The Home Office’s new “early ILR concession”

28 October 2021

Progressive developments in immigration law have become a rare phenomenon, so the Home Office’s new policy – which halves the route to settlement for certain young people who have resided in the UK for more than half of their lives – is welcome news.

Oliver Oldman recently joined our immigration team as an associate focussing on asylum, human rights, detention and deportation matters.

What is the policy?

On 25 October 2021, the Home Office introduced a new concession that creates the possibility for those aged between 18 and 24 inclusive to be granted indefinite leave to remain after having completed just 5 years’ limited leave in the UK.  This is in recognition of the fact that it may be disproportionate to apply the public interest factors underpinning the 10 year settlement policy (described as “the need to serve a longer probationary period before qualifying for settlement, and the principle of encouraging lawful compliance”) to those who were either born in the UK or entered as children and were granted limited leave, who “cannot be considered responsible for any previous non-compliance with immigration laws” and who are now “fully integrated into society in the UK.”

Under the policy, an individual will only be eligible for “early” indefinite leave to remain where they meet the following criteria at the point of applying:

  • They must be aged 18 or above and under 25, and must have spent at least half of their life living continuously in the UK (discounting periods of imprisonment)
  • They must have either been born in or entered the UK as a child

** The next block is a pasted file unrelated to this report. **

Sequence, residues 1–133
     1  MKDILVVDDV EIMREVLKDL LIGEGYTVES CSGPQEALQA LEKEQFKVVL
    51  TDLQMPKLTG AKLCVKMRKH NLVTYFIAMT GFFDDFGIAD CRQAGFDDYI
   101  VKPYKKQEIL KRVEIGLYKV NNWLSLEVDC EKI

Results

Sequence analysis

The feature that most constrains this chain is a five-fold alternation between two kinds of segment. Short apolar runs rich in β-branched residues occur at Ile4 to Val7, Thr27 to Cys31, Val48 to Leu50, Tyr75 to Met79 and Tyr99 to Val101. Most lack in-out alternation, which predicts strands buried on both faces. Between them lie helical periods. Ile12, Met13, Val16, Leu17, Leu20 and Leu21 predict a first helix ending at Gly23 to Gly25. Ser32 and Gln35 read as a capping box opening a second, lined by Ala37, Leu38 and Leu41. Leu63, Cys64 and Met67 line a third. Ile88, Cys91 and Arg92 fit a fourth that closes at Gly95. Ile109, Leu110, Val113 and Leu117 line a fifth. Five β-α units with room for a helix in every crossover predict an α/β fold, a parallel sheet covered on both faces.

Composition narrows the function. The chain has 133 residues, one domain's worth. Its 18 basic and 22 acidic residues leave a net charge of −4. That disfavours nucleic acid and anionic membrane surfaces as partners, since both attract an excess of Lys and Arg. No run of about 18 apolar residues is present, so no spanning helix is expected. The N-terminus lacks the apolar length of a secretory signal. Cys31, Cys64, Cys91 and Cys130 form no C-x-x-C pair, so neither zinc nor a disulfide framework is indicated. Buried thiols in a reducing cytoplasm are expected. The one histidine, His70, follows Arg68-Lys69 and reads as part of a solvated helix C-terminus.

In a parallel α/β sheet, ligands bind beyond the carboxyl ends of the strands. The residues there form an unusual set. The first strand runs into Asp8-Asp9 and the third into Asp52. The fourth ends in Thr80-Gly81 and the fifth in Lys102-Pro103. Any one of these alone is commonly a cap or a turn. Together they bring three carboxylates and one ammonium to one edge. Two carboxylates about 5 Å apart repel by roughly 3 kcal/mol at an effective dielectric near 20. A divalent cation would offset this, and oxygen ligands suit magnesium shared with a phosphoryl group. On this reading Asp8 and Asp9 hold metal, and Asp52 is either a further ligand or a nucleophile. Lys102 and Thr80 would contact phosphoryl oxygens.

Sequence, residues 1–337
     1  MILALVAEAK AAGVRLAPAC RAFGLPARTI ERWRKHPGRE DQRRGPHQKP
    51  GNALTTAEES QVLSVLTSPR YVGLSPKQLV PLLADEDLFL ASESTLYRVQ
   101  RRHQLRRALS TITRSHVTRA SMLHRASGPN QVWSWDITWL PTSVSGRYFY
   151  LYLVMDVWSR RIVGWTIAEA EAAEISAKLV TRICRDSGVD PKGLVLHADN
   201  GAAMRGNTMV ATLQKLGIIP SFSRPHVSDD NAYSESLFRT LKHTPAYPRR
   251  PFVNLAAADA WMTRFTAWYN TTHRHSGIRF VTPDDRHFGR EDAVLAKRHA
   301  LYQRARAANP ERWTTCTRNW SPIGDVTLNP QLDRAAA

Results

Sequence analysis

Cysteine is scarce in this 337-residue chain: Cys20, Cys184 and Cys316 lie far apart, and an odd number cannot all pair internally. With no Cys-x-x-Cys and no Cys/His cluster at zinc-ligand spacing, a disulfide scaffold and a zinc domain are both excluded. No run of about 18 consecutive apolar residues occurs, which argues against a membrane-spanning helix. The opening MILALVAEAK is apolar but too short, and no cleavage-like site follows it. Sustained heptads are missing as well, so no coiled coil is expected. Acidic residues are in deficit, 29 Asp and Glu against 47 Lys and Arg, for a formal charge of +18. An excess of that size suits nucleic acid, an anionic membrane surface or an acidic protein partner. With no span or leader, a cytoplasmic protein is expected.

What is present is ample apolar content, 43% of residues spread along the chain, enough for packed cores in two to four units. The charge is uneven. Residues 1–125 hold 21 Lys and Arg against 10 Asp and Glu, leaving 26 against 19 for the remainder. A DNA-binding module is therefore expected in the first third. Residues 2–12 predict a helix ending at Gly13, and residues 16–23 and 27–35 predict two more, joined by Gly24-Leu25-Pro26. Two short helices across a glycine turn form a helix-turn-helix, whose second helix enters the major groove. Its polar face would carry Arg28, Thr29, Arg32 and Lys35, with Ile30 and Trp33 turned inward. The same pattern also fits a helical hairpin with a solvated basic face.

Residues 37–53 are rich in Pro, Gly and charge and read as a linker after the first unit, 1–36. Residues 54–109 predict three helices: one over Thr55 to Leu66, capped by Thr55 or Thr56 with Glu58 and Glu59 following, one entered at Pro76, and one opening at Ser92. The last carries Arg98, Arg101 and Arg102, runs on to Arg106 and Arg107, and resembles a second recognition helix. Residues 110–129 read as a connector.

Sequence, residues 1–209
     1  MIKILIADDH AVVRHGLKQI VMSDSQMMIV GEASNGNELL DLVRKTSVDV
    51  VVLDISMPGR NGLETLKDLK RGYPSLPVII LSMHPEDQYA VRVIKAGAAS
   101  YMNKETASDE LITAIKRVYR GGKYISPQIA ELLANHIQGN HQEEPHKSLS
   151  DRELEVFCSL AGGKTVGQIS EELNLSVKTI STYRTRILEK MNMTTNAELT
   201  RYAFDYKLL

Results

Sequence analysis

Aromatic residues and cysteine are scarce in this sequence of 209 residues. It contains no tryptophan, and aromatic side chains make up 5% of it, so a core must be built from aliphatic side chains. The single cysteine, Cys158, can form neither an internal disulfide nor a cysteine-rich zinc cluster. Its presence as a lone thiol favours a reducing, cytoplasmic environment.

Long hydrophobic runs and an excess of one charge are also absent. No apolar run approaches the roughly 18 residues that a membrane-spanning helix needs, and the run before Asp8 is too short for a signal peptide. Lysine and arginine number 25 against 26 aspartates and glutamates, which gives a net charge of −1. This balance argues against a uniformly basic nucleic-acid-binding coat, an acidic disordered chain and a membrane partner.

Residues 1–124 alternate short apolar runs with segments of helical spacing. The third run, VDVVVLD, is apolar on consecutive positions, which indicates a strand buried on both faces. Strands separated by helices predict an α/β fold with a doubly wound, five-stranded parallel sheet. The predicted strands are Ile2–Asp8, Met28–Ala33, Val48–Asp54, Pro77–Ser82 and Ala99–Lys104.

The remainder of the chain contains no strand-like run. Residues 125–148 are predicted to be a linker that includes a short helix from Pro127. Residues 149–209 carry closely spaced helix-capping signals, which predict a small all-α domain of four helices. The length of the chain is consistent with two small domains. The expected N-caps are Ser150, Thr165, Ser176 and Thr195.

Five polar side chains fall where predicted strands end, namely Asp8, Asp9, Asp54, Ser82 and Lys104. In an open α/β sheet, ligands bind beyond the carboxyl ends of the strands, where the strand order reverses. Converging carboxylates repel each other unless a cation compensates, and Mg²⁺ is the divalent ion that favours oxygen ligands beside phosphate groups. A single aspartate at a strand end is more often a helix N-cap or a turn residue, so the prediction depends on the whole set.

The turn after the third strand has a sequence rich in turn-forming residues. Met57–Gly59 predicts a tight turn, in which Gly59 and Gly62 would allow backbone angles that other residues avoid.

• They must have held limited leave to remain in the UK for five years
  • They must be eligible for further leave to remain under paragraph 276ADE(1) and must have made an application under those Rules

Once this initial eligibility screening has been satisfied, the decision-maker will then need to consider whether it will be “appropriate” (or “proportionate,” as it is alternatively described in the policy) to grant indefinite leave to remain. When undertaking this assessment, the policy directs the decision-maker to take into account a specific but inexhaustive list of factors:

  • The person’s age when they arrived in the UK
  • The length of their residence in the UK (including unlawful residence)
  • The strength of their connections and integration to the UK
  • Whether unlawful residence in the past was the result of non-compliance on the part of the applicant or their parent/guardian whilst the applicant was under the age of 18
  • Efforts made to engage with the Home Office and regularise status
  • Any leave currently held and length of continuous lawful leave
  • Any period of any continuous leave held in the past
  • Whether (and the extent to which) limited leave to remain will have a detrimental impact on the person’s health or welfare

There are some notable ambiguities created by the wording of the concession.

First, while the Home Office’s explanatory background to the policy indicates that its intention is to provide a route to eligible applicants at the conclusion of completing 5 years leave to remain, there is no express mention of the need for the applicant to hold valid leave at the point of applying, although it might be inferred by the need to demonstrate eligibility for “further” leave to remain under paragraph 276ADE(1). This may leave open the possibility for applications by those who have completed 5 years leave to remain in the UK while they were children but have since overstayed (with the recent overstaying and reasoning no doubt informing the decision-maker’s proportionality assessment).